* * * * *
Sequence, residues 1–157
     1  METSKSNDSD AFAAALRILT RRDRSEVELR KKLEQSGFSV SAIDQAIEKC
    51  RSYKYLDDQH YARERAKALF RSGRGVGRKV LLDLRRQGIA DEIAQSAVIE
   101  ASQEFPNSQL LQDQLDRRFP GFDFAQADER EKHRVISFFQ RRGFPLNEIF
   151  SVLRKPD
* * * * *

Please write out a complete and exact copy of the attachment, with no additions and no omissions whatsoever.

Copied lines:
Sequence, residues 1–157
     1  METSKSNDSD AFAAALRILT RRDRSEVELR KKLEQSGFSV SAIDQAIEKC
    51  RSYKYLDDQH YARERAKALF RSGRGVGRKV LLDLRRQGIA DEIAQSAVIE
   101  ASQEFPNSQL LQDQLDRRFP GFDFAQADER EKHRVISFFQ RRGFPLNEIF
   151  SVLRKPD